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http://dx.doi.org/10.1189/jlb.3MA1016-451RRDOI Listing
http://www.ncbi.nlm.nih.gov/pmc/articles/PMC5505743PMC
August 2017

Myeloid cells as a target for oligonucleotide therapeutics: turning obstacles into opportunities.

Cancer Immunol Immunother 2017 Aug 18;66(8):979-988. Epub 2017 Feb 18.

Department of Immuno-Oncology at Beckman Research Institute, City of Hope National Medical Center, 1500 East Duarte Rd., Duarte, CA, 91010, USA.

Immunotherapies emerged as an alternative for cancer treatment, yet their clinical efficacies are still limited, especially in case of solid tumors. Myeloid immune cells, such as macrophages and myeloid-derived suppressor cells (MDSCs), are often hijacked by tumors and become pivotal inhibitors of antitumor immunity. Immunosuppressive functions of tumor-associated myeloid cells result from the activity of Signal Transducer and Activator of Transcription 3 (STAT3), a transcription factor with well-defined tumorigenic and tolerogenic roles in human cancers. To overcome challenges in the development of pharmacological STAT3 inhibitors, we recently developed oligonucleotide-based strategies for cell-selective, in vivo STAT3 targeting. Conjugation of a STAT3siRNA or decoy STAT3 inhibitors to synthetic Toll-like Receptor 9 (TLR9) agonists, CpG oligonucleotides, allowed for selective delivery into TLR9-positive cells. Cellular target for CpG-STAT3 inhibitors include non-malignant, tumor-associated myeloid cells, such as polymorphonuclear MDSCs, as well as cancer cells in acute myeloid leukemia, B cell lymphoma and in certain solid tumors. The chemically modified CpG-STAT3 inhibitors resist serum nucleases and thus can be administered intravenously. Their potency relies on the intracellular gain-of-function effect: release of the central immune checkpoint regulator (STAT3) to unleash proinflammatory signaling (CpG/TLR9) in the same antigen-presenting cell. At the cellular level, CpG-STAT3 inhibitors exert two-pronged effect by rescuing T cells from the immune checkpoint control while decreasing survival of cancer cells. In this article, we review the preclinical data on CpG-STAT3 inhibitors and discuss perspectives of using TLR9-targeted delivery of oligonucleotide therapeutics for the generation of novel, more effective and safer cancer immunotherapies.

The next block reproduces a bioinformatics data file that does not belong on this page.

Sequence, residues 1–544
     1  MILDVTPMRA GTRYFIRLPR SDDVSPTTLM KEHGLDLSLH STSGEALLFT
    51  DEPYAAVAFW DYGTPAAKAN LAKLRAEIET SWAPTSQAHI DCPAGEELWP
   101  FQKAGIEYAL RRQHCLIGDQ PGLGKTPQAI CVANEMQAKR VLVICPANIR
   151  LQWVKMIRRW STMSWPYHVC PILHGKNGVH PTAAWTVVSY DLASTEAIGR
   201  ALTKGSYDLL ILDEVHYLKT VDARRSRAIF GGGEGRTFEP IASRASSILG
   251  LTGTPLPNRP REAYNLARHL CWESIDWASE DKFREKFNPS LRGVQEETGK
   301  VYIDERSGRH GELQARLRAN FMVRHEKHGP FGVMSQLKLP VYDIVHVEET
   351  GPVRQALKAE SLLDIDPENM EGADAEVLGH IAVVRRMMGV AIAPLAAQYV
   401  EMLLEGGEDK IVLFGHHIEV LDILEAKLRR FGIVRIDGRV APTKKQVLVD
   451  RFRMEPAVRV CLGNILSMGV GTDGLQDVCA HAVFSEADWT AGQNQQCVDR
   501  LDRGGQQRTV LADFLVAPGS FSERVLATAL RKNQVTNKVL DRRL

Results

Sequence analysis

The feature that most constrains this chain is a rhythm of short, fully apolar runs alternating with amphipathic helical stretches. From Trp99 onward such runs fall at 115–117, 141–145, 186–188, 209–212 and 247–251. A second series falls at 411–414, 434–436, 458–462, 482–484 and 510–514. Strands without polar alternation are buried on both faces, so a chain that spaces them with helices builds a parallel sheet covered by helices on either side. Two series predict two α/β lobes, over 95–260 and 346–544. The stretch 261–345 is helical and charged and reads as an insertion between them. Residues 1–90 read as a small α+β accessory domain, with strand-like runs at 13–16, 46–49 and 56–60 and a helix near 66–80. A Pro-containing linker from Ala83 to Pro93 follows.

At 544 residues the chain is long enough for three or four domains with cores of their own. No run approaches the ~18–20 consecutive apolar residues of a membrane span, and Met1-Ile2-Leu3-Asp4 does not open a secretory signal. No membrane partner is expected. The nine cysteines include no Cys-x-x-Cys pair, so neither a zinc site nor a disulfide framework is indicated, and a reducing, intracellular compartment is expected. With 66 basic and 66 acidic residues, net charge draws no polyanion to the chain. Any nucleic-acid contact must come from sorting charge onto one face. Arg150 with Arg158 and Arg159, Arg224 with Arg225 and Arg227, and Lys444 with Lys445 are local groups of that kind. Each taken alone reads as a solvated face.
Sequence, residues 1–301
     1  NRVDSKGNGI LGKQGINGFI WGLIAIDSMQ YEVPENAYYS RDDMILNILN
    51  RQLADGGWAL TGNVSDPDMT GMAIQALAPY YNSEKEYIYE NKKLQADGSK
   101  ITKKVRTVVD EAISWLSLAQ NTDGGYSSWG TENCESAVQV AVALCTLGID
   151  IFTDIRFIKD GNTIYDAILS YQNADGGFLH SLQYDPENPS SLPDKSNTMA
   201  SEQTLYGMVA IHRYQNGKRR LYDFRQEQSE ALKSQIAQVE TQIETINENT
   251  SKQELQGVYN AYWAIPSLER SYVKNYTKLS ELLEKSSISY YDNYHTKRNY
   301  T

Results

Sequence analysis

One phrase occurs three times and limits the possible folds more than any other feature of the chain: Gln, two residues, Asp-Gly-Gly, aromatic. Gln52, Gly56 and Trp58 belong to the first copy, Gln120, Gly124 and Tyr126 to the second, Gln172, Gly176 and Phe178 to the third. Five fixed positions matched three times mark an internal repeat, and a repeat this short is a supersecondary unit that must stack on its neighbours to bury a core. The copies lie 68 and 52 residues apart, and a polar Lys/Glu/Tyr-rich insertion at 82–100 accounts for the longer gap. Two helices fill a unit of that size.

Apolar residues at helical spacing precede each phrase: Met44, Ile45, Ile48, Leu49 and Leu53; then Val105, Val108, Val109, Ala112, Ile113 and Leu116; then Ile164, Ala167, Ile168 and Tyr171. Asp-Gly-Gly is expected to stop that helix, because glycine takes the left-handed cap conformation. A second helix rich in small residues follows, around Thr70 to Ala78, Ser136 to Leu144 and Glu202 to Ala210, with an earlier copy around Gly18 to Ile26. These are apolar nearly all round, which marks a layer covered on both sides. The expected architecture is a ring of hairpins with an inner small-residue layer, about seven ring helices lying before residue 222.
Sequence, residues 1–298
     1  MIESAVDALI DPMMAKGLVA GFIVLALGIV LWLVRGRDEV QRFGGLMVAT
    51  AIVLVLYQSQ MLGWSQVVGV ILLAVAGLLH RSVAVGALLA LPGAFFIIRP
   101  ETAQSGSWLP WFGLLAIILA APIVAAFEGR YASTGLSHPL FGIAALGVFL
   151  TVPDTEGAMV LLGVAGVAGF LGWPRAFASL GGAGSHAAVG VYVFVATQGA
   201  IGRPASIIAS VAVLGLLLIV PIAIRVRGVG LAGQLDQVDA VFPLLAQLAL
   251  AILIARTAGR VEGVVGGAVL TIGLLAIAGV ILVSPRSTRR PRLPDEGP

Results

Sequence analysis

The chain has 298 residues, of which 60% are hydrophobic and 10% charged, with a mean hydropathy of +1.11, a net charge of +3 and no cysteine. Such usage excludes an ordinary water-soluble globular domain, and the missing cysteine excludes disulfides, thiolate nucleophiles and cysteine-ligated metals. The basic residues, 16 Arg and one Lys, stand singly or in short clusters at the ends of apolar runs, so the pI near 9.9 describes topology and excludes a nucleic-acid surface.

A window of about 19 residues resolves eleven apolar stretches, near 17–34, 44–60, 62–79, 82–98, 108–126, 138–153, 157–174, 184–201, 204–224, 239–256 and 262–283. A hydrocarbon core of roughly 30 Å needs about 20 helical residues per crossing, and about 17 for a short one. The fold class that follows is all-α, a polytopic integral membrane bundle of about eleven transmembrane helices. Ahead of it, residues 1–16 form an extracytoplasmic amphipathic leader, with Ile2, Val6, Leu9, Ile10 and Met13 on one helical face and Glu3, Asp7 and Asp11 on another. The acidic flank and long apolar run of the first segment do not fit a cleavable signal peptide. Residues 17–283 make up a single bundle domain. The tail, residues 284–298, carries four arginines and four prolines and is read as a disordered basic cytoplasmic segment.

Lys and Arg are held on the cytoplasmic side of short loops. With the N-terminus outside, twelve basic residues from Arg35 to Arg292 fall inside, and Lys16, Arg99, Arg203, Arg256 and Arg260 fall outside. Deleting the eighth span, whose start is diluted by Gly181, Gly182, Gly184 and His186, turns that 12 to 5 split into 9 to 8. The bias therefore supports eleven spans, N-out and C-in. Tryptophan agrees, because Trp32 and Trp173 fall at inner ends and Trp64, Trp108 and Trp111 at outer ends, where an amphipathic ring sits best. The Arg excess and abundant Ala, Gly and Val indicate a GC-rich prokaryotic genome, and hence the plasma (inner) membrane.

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http://dx.doi.org/10.1007/s00262-017-1966-2DOI Listing
http://www.ncbi.nlm.nih.gov/pmc/articles/PMC5522630PMC
August 2017

STING Pathway Activation Stimulates Potent Immunity against Acute Myeloid Leukemia.

Cell Rep 2016 06 2;15(11):2357-66. Epub 2016 Jun 2.

Department of Medicine, University of Chicago, Chicago, IL 60637, USA; Committee on Immunology, University of Chicago, Chicago, IL 60637, USA. Electronic address:

Type I interferon (IFN), essential for spontaneous T cell priming against solid tumors, is generated through recognition of tumor DNA by STING. Interestingly, we observe that type I IFN is not elicited in animals with disseminated acute myeloid leukemia (AML). Further, survival of leukemia-bearing animals is not diminished in the absence of type I IFN signaling, suggesting that STING may not be triggered by AML. However, the STING agonist, DMXAA, induces expression of IFN-β and other inflammatory cytokines, promotes dendritic cell (DC) maturation, and results in the striking expansion of leukemia-specific T cells. Systemic DMXAA administration significantly extends survival in two AML models. The therapeutic effect of DMXAA is only partially dependent on host type I IFN signaling, suggesting that other cytokines are important. A synthetic cyclic dinucleotide that also activates human STING provided a similar anti-leukemic effect. These data demonstrate that STING is a promising immunotherapeutic target in AML.
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http://dx.doi.org/10.1016/j.celrep.2016.05.023DOI Listing
http://www.ncbi.nlm.nih.gov/pmc/articles/PMC5116809PMC
June 2016